Unlike MPAs, SPAs contain a single HTML page (hence the name) with a link to a JavaScript bundle. This JS bundle contains instructions on how to build the UI and query any external APIs for data. Using React as an example, it uses a clever technique called the Virtual DOM (Document Object Model) for handling page updates. Instead of updating the web page whenever something changes, React first makes changes to a lightweight copy of the page called the Virtual DOM. Then, it compares this copy with the real page and only updates the parts that have changed, making everything faster and smoother. This magic under the hood allows React-based websites to respond quickly to clicks and feel more interactive, just like native apps.

The Dark Side of JavaScript

SPA architecture gives websites an app-like feel but these benefits are felt only after the initial page load. Before that, the client must load JS bundles that can get very large if not properly optimized. JavaScript code tends to result in larger files than, for example, equivalent HTML. As a result, including a framework like React or Vue will inevitably result in larger bundles.

Big Bundles, Slow Loading

Admittedly, a lot of JS frameworks now use techniques like code-splitting and tree-shaking to reduce their JavaScript bundle sizes. However, the results of this investigation by Tonsky show some of the biggest tech companies with immensely talented teams struggling to minimize their bundle sizes. Bigger bundles mean longer download and load times, especially on slower connections.

After downloading the JavaScript bundle, the browser must now compile it. This is done on the main thread. When the main thread is busy, the page cannot respond to user input. Some of this is mitigated by asynchronous JavaScript which allows for non-blocking processing. But, depending on how much of the website's functionality relies on JavaScript, it might still be as good as useless until processing is done. And, because compilation is CPU-bound, it can be severely limited by the hardware, resulting in wildly varying load times depending on the device.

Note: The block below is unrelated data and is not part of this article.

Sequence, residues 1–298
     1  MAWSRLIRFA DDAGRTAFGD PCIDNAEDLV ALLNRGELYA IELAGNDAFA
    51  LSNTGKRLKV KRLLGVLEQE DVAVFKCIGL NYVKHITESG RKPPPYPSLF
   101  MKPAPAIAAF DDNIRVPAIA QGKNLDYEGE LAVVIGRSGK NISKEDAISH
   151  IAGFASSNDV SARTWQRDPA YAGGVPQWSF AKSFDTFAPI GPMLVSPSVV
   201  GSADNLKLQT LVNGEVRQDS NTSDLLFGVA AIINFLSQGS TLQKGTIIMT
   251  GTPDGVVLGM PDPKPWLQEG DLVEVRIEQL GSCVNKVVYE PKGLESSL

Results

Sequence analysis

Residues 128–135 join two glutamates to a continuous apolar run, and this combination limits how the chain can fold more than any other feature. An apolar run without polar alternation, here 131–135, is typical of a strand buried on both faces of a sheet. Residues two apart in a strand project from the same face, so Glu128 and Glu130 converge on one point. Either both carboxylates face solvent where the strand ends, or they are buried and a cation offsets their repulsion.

Cost of JavaScript 2019 JS Processing time for Reddit

The comparison above from the Cost of JS 2019 shows that on a low-end device, processing JavaScript on Reddit can take almost 10 times longer than on a relatively high-end device (the Pixel 3 just barely qualifies as high-end so the gap should be bigger).

Web Vitals

This delay has a negative impact on a site's web vitals. These are a set of metrics for measuring user experience through load times, interactivity, etc. One such metric, Time To Interactive (TTI) measures how long a page takes to become interactive and can negatively impact user experience if it is too long.